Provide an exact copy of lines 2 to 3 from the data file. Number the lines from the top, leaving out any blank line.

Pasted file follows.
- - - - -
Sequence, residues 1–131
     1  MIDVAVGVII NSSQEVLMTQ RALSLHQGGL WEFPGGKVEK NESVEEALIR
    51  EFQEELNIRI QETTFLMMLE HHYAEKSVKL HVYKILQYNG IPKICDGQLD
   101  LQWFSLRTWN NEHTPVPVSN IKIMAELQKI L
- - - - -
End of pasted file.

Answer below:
     1  MIDVAVGVII NSSQEVLMTQ RALSLHQGGL WEFPGGKVEK NESVEEALIR
    51  EFQEELNIRI QETTFLMMLE HHYAEKSVKL HVYKILQYNG IPKICDGQLD